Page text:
Turning to standards 11, 12, and 13, the processes of critiquing historical sources, assessing their limitations and uses, generating new questions and then pursuing new sources and inquiry are all connected. Trying to break them into discrete pieces for assessment doesn’t do justice to the skills or for the students. Separating the pieces into different standards to ensure each skill is clearly taught does not mean they need to be separated into different proficiency scales or isolated in other parts of the curriculum. Similarly, standard 13 seems a natural extension of 11 and 12, making it great as a Score 4.0 extension. Our department did not prioritize standard 13 for the 10th grade course; using those higher level standards for Score 4.0 extensions are a great way of vertically aligning with other courses.

The proficiency scales that I drafted based on this rationale are pictured below. Formatting aside, it should be easy to see how I have tried to combine them in a meaningful way to teach and assess students. After all, student understanding of proficiency scales and the spirit and intention of a standards-based system is a critical part of its success.

There will almost certainly be history teachers who take disagreement with something that I’ve done when interpreting and drafting these standards. Ultimately they are a product of how I see myself applying these standards to lessons and assessments in my own classroom. My main argument by doing this is not that this represents the correct interpretation of the C3 standards, but that curriculum should not be a straight-jacket for teachers. It can and should adapt to the needs of the discipline and the needs of the students.

Logistically, looking at how standards build on each other and align is a way of including more taught and assessed standards in the curriculum, lessening the need for courageous deletions of skill or content. It also supports clear vertical alignment within course units and between courses at different grade levels.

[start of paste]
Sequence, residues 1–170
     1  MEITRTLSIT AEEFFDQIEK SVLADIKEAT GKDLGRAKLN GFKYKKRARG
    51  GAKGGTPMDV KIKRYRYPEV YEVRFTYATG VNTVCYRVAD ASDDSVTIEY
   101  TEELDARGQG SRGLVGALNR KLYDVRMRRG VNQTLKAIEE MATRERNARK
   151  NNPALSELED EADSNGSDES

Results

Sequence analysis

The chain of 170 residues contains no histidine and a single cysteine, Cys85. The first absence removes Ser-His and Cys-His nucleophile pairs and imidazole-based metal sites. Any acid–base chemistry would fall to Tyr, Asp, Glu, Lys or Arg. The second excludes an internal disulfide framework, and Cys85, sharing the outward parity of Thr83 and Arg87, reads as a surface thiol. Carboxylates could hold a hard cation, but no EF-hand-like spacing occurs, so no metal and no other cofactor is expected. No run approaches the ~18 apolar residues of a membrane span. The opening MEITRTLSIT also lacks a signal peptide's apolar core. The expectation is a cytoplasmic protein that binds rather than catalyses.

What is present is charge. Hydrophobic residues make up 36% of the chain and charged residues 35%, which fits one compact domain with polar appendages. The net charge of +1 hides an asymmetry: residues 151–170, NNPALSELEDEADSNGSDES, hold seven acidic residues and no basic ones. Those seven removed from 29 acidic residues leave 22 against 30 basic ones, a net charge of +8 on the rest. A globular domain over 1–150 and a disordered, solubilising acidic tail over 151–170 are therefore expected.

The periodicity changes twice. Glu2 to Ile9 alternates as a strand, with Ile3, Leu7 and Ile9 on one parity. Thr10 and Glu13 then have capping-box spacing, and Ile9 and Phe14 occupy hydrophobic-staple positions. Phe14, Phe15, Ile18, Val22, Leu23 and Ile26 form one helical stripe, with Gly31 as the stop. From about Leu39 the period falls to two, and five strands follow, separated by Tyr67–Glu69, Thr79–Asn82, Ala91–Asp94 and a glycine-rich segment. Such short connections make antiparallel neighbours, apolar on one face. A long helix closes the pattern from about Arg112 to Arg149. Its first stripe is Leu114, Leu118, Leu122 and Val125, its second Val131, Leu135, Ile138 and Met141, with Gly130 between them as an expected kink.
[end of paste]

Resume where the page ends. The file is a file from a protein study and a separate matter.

A curriculum coordinator who says every standard needs a proficiency scale without regard to how those standards are applied in the classroom is misguided. Not all standards are equal. Some standards are foundational, some are extensions, some are inextricably linked when they come to life beyond the curriculum documents. This is where teachers and content experts need to add their experience and expertise to the discussion. Engaging with curriculum makes teachers better at their craft and offers significant insight that curriculum experts alone may miss.

Proficiency Scale for Standards 9 & 10

Proficiency Scale: Standars 9 & 10

Proficiency Scale for Standards 11, 12, & 13

Proficiency Scale: Standars 11, 12 & 13

My next step, and likely a future post, will be tackling how to apply their other dimensions of the inquiry process to a standards-based framework. Dimension 2: Applying Disciplinary Concepts and Tools includes all of their standards specific to History, Geography, Civics, and Economics. The standards in the other dimensions are a little more abstract and relate to the interdisciplinary inquiry process.

  • Dimension 1: Developing Questions and Planning Inquiries
  • Dimension 3: Evaluating Sources and Using Evidence
  • Dimension 4: Communicating Conclusions and Taking Informed Action.